Tuesday, September 14, 2010

US vs. Health Insurers: Why It's Tough To Analyze Sectors/Companies Now

Wisconsin Republican House member Paul Ryan co-wrote an editorial in the Wall Street Journal yesterday contending,

"Every day, more see that the road to serfdom in America does not involve a knock in the night or a jack-booted thug. It starts with smooth-talking politicians offering seemingly innocuous compromises....."

Yet, on the opposite page that morning, in the lead staff editorial, entitled Sebelius Has a List, the Journal's own countered Ryan's contention.

Moreover, that lead staff editorial offers yet another example to explain, again, why my own posts of the past few years have become less strategy-focused, and much more politically- and macroeconomically-focused.

The editorial suggested,

"Witness Kathleen Sebelius's Thursday letter to America's Health Insurance Plans, the industry trade group- a thuggish message even by her standards. The Health and Human Services secretary wrote that some insurers have been attributing part of their 2011 premium increases to ObamaCare and warned that "there will be zero tolerance for this type of misinformation and unjustified rate increases."

Zero tolerance for expressing an opinion, or offering an explanation to policyholders? They're more subtle than this in Caracas."

And that, dear readers, provides the example. Look at how much qualified judgment is evident in Sebelius' letter? She and her minions deny that ObamaCare is putting pressure on insurers' costs, despite prior admissions of same by the president. Further, she finds, a priori, that any attempt by insurers to communicate these truths to customers or investors will be judged as "misinformation," the accompanying rate increases "unjustified."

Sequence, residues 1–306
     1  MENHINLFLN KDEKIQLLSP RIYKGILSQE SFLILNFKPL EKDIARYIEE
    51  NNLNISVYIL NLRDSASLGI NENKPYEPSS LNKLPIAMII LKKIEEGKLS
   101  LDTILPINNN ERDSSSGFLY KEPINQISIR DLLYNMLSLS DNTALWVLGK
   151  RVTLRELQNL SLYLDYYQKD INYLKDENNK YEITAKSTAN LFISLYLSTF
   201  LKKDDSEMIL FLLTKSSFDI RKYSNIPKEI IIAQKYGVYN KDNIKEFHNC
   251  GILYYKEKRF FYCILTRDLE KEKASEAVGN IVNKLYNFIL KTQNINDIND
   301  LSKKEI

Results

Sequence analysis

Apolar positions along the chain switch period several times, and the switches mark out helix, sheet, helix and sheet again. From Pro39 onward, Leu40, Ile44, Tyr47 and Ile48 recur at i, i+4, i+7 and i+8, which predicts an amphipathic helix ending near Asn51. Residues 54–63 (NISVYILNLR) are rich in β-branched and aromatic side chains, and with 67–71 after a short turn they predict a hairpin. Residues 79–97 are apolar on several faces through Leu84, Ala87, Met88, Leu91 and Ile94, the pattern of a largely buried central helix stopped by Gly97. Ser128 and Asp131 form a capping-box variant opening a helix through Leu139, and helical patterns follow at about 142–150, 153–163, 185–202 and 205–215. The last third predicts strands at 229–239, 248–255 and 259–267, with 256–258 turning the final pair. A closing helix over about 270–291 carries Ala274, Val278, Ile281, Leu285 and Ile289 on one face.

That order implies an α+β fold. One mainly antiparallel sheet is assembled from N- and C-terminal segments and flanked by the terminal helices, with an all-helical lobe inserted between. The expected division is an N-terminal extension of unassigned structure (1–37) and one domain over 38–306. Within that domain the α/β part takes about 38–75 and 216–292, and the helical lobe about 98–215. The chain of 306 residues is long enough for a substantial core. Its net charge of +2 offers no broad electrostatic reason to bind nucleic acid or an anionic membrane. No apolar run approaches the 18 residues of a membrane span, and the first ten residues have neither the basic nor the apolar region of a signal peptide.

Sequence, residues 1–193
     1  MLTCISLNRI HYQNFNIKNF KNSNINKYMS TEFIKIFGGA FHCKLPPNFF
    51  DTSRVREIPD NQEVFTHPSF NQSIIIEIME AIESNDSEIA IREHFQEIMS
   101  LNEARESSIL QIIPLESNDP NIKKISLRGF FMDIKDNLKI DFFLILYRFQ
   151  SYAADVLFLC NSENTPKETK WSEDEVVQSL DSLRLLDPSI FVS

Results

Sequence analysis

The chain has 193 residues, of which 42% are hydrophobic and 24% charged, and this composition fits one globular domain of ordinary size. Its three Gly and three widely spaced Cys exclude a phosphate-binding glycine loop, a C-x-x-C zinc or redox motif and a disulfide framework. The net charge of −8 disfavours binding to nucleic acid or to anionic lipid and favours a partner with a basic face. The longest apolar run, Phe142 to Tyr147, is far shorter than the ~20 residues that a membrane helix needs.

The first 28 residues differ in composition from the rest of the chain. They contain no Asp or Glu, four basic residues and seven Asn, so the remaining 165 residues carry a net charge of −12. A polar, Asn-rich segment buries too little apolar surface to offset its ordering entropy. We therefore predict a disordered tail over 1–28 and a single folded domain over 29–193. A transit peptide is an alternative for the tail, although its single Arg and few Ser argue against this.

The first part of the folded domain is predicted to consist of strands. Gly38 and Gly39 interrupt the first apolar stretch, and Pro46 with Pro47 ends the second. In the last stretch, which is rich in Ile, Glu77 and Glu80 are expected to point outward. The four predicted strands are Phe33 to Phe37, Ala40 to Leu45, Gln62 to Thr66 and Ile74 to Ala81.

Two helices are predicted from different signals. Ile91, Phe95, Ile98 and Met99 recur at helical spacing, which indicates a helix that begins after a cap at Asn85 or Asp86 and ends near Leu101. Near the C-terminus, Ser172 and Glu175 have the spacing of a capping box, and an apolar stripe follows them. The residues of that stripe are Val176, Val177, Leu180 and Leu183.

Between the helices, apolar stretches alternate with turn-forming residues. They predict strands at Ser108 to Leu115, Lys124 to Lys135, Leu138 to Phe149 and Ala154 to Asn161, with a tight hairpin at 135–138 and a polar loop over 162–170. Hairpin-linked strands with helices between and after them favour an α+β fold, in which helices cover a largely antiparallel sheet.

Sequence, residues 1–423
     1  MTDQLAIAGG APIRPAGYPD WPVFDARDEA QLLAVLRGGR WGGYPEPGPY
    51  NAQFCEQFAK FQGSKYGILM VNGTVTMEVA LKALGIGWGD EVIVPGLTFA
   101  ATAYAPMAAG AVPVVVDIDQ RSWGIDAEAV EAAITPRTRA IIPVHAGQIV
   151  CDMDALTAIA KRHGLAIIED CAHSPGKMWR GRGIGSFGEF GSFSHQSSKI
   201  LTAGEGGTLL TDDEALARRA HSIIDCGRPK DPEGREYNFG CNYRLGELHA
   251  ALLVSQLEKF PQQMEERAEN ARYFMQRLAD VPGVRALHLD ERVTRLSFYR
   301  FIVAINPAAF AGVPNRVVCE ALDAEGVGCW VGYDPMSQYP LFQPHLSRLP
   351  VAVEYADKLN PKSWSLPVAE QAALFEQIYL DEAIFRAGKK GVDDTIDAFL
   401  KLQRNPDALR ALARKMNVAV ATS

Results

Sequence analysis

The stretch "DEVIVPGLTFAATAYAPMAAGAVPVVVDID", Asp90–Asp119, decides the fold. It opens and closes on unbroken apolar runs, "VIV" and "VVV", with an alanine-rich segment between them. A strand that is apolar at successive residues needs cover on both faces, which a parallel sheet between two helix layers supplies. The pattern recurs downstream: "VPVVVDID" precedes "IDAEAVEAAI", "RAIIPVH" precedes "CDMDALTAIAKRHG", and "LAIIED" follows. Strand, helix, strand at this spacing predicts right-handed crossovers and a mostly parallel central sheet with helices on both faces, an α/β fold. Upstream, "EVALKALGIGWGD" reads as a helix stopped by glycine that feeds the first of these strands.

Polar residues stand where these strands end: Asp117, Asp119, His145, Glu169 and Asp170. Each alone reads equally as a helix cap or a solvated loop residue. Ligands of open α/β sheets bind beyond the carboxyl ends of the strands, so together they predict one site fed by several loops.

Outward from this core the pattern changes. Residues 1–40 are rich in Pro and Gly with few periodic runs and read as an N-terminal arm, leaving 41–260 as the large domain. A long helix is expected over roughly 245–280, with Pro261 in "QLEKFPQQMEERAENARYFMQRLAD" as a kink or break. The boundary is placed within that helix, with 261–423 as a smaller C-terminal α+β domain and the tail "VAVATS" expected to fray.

As I wrote here recently in my companion political blog, Massachusetts' own insurance commissioner was against similar moves by that state's governor. It seems that many senior bureaucrats forget that when they move to cap and/or control insurers' rates and revenues, they unwittingly threaten the solvency of same, and their ability to actually pay legitimate claims.


But you can see how Paul Ryan may be a bit myopic, or simply optimistic.

It seems that the jack-booted state is alive and well at HHS. And this type of capricious regulatory punishment of private sector firms is why strategy matters so much less today than it used to, while perceived political correctness, singing the party line, and generally avoiding political persecution and prosecution is the new order of the day for American business.

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